These types of biased practices hike the gender gap. We are yet to realize how detrimental it is to our society if the current state of gender diversity in tech is not balanced. Nigeria can boast of a labor force of around 69.7 million 43% of which are women according to the Q4 2020 report by NBS. How can we increase the productive capital of this population if a greater number of women are not involved in the workforce? It’s no secret that men make up more of the work population whereas women can increase Nigeria and the world’s GDP if they are allowed to do so. Professor Olayinka David-West, Associate Dean of Lagos Business School explained that the social and cultural norms attributed to femininity have certain biases that have been embedded into society and breaking from these norms is the first step we can take to incentivize gender diversity.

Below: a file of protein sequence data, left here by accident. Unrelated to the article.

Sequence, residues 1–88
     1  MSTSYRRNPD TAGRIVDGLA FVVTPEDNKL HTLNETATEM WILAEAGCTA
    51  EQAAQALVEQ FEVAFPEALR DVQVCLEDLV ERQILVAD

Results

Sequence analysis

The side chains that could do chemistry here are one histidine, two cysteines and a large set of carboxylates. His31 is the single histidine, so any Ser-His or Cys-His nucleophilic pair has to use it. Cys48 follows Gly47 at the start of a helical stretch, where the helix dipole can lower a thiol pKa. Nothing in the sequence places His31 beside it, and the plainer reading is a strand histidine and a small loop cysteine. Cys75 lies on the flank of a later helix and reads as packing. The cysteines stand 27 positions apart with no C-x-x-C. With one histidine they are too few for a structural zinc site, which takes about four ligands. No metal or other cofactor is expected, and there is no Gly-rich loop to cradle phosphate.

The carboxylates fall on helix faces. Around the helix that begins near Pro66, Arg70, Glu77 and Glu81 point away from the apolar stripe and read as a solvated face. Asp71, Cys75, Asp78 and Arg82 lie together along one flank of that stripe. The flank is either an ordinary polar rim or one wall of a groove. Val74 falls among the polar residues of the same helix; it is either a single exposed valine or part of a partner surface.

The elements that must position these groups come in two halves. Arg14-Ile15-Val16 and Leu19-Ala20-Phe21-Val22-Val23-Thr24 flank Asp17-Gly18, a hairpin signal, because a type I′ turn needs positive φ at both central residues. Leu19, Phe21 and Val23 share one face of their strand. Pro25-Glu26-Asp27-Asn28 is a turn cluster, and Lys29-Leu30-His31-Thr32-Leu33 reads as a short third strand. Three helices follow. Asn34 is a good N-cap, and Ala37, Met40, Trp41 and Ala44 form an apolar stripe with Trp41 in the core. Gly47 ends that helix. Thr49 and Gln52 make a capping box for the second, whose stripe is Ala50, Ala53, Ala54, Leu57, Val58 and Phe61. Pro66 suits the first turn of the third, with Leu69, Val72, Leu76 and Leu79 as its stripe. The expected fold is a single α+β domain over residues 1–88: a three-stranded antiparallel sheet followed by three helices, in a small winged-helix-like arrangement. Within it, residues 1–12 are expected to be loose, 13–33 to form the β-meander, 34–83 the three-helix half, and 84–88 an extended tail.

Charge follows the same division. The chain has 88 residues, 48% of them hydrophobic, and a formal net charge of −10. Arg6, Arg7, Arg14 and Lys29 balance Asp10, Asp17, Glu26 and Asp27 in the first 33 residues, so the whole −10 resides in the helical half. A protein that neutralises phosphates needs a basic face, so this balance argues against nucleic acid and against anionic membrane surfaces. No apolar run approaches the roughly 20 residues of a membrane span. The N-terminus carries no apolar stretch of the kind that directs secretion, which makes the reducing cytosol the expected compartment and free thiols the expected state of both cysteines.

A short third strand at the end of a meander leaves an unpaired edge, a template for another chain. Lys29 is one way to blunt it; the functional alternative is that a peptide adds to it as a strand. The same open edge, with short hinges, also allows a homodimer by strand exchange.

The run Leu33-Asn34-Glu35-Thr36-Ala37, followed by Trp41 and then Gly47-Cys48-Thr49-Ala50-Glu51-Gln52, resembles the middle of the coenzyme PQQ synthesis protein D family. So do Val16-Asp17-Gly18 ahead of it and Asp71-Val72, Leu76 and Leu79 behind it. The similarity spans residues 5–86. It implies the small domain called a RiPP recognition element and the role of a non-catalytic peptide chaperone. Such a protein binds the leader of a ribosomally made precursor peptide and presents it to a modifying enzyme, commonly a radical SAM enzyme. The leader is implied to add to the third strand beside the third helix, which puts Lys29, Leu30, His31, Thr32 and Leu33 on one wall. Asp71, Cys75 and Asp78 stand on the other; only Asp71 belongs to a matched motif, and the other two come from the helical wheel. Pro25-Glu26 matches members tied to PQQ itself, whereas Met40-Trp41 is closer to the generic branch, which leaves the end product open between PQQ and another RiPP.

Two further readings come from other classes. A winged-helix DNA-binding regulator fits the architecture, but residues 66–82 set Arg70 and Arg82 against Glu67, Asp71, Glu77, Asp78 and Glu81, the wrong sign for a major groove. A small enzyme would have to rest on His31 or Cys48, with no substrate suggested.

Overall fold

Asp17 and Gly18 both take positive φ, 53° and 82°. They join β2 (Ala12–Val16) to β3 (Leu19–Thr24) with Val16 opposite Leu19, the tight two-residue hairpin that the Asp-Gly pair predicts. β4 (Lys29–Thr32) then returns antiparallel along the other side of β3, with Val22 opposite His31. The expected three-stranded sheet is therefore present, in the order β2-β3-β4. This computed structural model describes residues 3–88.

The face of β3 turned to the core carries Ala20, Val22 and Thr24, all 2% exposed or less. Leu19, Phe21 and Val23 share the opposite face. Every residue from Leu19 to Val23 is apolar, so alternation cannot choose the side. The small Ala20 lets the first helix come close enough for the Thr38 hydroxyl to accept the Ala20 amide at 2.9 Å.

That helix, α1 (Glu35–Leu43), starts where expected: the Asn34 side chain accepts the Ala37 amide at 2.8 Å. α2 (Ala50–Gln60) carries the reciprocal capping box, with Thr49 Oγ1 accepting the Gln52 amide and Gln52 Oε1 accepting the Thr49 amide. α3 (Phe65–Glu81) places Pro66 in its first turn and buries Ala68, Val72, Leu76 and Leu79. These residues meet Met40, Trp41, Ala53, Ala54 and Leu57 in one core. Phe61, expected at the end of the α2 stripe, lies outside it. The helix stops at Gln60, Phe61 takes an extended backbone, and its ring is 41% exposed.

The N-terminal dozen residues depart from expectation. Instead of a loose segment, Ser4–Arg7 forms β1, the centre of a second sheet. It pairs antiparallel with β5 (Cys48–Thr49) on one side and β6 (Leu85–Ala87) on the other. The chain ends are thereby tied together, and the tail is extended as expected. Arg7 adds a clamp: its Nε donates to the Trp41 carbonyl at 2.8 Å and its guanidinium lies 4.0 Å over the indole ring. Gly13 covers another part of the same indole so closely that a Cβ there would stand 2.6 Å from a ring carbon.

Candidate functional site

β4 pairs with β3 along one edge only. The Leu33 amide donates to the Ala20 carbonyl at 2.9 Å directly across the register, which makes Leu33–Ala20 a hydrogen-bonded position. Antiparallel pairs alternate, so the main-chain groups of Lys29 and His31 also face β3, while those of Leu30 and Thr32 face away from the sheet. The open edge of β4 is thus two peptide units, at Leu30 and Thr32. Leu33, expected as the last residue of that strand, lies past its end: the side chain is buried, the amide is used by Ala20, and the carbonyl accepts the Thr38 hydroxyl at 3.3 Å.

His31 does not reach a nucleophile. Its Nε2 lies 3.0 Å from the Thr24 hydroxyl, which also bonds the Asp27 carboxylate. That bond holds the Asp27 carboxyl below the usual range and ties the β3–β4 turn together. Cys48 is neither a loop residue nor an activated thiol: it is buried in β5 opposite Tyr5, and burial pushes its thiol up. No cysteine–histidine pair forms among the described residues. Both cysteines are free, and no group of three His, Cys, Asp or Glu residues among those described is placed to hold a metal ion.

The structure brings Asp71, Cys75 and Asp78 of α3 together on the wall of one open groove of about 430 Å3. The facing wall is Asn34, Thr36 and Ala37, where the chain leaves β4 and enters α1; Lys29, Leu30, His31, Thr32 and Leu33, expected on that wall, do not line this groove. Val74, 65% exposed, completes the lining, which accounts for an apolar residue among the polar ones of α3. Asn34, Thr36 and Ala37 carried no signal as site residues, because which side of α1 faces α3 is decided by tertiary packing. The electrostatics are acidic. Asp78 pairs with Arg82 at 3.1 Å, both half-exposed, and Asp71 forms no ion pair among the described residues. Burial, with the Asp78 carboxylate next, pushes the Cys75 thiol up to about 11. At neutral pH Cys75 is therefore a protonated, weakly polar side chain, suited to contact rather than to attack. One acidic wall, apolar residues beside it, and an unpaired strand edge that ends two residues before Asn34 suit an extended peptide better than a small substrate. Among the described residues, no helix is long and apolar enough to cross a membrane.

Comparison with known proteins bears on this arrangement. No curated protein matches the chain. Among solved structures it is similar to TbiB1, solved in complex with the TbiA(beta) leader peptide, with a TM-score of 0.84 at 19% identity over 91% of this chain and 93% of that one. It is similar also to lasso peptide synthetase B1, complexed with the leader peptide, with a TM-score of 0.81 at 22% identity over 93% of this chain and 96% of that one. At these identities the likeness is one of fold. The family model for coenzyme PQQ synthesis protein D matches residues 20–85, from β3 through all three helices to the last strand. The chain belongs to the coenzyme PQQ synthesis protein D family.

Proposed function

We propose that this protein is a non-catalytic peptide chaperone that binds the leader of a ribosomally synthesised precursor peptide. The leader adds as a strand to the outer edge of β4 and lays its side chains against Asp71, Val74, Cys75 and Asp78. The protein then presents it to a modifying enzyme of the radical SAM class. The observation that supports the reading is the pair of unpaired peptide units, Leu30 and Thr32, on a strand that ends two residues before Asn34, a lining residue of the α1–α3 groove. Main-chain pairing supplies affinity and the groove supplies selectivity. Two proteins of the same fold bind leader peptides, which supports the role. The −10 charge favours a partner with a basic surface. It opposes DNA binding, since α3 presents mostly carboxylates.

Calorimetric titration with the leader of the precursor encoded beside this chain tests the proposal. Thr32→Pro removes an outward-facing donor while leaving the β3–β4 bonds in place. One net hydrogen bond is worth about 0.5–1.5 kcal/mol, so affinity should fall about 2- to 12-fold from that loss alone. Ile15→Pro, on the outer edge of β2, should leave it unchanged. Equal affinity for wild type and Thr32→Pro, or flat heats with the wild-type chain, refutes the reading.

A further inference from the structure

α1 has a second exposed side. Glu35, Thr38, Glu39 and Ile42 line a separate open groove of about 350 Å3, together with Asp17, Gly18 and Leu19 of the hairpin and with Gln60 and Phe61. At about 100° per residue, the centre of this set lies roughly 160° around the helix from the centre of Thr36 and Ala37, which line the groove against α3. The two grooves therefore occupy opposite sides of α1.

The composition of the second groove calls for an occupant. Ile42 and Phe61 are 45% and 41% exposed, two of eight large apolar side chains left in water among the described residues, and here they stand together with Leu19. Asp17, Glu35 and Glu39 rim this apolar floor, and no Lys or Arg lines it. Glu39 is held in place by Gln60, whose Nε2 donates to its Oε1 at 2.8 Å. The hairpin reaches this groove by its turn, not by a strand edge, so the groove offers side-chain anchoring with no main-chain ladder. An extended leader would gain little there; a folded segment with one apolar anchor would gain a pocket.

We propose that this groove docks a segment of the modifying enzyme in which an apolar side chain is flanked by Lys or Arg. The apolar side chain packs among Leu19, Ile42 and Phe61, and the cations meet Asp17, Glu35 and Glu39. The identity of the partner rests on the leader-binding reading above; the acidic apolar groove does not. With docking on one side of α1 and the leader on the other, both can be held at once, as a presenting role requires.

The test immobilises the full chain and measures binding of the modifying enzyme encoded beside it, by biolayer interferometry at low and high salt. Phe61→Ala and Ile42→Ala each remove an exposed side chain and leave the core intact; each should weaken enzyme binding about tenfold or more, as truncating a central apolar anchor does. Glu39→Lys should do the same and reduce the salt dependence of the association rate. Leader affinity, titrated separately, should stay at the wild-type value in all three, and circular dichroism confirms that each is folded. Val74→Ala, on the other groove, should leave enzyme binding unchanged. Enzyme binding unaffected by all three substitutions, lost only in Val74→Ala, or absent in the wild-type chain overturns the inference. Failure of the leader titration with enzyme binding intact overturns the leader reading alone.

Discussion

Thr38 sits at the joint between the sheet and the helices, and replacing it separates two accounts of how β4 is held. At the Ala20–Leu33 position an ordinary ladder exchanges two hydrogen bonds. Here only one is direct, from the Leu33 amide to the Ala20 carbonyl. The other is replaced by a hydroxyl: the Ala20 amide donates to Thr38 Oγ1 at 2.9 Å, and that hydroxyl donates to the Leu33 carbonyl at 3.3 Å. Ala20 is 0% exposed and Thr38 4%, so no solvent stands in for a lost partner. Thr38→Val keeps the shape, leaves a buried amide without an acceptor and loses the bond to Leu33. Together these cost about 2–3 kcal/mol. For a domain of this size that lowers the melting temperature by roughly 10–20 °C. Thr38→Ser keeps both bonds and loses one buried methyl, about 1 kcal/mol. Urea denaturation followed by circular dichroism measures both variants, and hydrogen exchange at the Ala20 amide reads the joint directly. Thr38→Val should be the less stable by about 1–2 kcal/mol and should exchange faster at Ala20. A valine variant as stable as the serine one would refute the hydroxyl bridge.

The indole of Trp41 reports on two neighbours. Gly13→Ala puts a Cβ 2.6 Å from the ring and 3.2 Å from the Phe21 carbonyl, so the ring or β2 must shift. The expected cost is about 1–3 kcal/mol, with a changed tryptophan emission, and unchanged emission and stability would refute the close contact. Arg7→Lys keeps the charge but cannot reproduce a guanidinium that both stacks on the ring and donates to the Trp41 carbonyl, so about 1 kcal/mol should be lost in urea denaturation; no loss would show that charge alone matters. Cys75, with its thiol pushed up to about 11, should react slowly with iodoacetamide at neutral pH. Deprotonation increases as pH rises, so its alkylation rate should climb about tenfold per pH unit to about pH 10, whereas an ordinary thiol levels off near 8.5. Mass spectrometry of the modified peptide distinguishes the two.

A good start to debunking these biased social and cultural norms is hosting more programs that support the push to eradicate gender gaps in the working climate. It would enlighten more people on these problematic norms that need to be dropped to create a healthier work environment for women thereafter increasing the population of women in our IT industry.With the fast-paced growth of the tech industry, it calls for more skilled women in tech to adapt to the current digital market and database management. The African tech ecosystem could grow in its profits and further expand across Africa with an increase of its workforce. In addition, this could spread these tech operations across our society empowering young people with easier access to tech knowledge and opportunity. Most African countries struggle with keeping records of its citizens due to the lack of a proper centralized database, through more tech candidates we could aid in solving these problems one step at a time.